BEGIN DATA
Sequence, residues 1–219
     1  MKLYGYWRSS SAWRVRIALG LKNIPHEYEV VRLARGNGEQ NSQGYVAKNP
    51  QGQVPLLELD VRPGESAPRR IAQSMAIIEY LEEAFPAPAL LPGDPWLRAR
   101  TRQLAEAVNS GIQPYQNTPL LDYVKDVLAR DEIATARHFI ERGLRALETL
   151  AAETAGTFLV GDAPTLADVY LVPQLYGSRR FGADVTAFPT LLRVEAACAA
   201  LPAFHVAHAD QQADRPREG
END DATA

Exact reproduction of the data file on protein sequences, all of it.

Sequence, residues 1–219
     1  MKLYGYWRSS SAWRVRIALG LKNIPHEYEV VRLARGNGEQ NSQGYVAKNP
    51  QGQVPLLELD VRPGESAPRR IAQSMAIIEY LEEAFPAPAL LPGDPWLRAR
   101  TRQLAEAVNS GIQPYQNTPL LDYVKDVLAR DEIATARHFI ERGLRALETL
   151  AAETAGTFLV GDAPTLADVY LVPQLYGSRR FGADVTAFPT LLRVEAACAA
   201  LPAFHVAHAD QQADRPREG